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Hong Kong police

Police chief has taken the right step to address crisis of morale

Stephen Lo’s pledge to review guidelines on use of force during protests can ease concerns of frontline officers

PUBLISHED : Tuesday, 09 January, 2018, 1:08am
UPDATED : Tuesday, 09 January, 2018, 4:01am

Twice in less than 12 months, Police Commissioner Stephen Lo Wai-chung has written open letters to his 30,000-strong force to try to shore up morale after the jailing of officers for assaulting civilians during the 2014 Occupy protests. He has expressed sadness and support for the officers.

It is important that police morale be maintained. But it is also important that the conduct of which the officers were found guilty be condemned and that respect for the judgment of the courts be reaffirmed.

The gulf in sentiment reflects the frustration of frontline officers over guidelines for the use of force to maintain public order.

Thousands marched to police headquarters in Wan Chai at the weekend to show “support for police enforcement”. There was also an undercurrent of feeling that the police chief could have come out more forcibly in support of the officers who were convicted.

Hong Kong police union demands meeting with civil service and security chiefs amid ‘morale crisis’

It is hard to see what more Lo could have done, short of criticising a court decision.

Dispensing justice without fear or favour, as the courts have been doing in cases involving both police and activists, is the right way to put the Occupy episode behind us.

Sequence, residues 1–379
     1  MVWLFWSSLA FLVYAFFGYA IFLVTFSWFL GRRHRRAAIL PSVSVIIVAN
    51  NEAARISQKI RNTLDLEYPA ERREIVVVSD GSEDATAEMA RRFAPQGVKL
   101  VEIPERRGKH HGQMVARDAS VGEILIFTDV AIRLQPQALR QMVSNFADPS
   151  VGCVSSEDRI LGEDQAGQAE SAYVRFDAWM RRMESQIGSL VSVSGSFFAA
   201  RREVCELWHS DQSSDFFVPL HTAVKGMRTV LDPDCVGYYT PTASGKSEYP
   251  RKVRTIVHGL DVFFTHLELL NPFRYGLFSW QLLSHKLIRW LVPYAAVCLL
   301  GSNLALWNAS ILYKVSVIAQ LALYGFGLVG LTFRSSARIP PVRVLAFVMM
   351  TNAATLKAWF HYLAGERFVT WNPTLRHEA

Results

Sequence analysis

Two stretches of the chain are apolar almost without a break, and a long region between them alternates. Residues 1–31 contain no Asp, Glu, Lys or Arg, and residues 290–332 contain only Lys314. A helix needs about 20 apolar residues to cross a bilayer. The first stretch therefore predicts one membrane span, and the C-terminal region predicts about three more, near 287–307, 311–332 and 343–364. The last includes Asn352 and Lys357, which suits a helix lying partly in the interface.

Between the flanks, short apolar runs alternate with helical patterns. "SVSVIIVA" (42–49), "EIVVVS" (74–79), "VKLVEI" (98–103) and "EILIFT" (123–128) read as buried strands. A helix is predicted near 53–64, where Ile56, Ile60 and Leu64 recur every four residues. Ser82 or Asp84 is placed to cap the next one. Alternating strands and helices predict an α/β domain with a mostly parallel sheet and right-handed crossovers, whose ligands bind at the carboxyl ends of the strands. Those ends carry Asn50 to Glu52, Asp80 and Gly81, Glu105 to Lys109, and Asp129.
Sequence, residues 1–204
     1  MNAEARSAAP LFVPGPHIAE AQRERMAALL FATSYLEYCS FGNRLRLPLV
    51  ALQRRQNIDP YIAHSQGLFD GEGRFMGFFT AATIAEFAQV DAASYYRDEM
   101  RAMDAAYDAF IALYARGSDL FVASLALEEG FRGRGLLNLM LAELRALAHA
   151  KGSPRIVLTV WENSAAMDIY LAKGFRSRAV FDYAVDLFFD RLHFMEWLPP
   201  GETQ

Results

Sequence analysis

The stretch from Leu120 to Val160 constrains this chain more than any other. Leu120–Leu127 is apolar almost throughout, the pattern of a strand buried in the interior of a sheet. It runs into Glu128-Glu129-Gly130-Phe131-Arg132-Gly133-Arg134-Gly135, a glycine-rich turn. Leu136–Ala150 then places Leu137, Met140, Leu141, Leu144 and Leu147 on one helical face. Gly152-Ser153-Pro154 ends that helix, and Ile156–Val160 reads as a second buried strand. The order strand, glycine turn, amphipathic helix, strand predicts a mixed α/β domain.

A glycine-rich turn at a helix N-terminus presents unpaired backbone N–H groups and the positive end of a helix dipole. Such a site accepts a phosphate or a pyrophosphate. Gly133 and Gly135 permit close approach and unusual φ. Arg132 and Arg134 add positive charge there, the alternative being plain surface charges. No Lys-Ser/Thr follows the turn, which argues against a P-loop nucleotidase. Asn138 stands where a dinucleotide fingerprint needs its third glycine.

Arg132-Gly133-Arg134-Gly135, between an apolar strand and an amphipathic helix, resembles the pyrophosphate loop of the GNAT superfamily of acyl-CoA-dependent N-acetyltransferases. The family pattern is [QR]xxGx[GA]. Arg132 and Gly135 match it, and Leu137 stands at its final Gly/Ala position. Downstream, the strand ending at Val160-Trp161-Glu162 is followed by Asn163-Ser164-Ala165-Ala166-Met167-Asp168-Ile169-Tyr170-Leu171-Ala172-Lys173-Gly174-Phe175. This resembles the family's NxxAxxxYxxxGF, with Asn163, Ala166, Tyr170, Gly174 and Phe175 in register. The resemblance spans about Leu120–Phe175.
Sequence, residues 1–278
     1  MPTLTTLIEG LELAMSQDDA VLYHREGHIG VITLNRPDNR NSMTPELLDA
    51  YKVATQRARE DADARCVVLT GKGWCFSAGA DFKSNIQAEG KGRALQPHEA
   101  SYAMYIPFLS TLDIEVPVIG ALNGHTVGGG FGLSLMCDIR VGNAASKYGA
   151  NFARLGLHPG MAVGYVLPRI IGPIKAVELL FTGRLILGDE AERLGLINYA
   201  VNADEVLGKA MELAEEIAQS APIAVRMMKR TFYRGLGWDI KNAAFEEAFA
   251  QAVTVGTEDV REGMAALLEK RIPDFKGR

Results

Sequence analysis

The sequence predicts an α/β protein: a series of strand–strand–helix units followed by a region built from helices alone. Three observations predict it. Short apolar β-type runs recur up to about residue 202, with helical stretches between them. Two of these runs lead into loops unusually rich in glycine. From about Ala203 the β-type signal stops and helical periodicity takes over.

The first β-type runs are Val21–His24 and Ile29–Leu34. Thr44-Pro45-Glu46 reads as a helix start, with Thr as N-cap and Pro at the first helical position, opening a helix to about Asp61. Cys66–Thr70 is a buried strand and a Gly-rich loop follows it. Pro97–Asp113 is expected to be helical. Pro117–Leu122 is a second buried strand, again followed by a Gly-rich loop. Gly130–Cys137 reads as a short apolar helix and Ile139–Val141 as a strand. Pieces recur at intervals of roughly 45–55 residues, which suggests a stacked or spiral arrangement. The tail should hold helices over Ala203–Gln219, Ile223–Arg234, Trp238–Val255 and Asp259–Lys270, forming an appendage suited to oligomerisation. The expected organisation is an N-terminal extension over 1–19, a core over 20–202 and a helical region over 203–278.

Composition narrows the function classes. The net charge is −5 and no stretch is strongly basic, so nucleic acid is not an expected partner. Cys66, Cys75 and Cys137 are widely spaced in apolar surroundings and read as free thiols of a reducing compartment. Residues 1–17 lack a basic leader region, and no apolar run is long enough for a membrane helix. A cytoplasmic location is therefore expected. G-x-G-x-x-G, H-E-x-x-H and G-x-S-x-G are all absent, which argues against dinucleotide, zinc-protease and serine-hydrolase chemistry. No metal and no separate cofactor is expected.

Attacks on the credibility and impartiality of the judiciary following the cases do nothing for confidence in the legal system.

The focus should now be on addressing confusion and frustration among frontline officers and whether there is a need to review crowd-control tactics.

Retired senior policeman jailed three months for hitting Occupy protest bystander with baton

Commenting on the most recent case of retired superintendent Frankly Chu, who is appealing against his conviction for striking a passer-by at a protest, the 20,000-strong Junior Police Officers’ Association warns of a crisis of morale in its ranks.

It says Chu’s case reflects the “huge changes” in society wrought by political disputes in recent years and highlights the “inadequate protection” of police officers.

It is good, therefore, to hear the police chief announce a working group to review guidelines, procedures and training on the use of force.

It would be even better if he were more transparent about the composition of the group, its brief and time frame for reporting. There may never be another Occupy, but that is not to say police will not face further challenges from radical protest.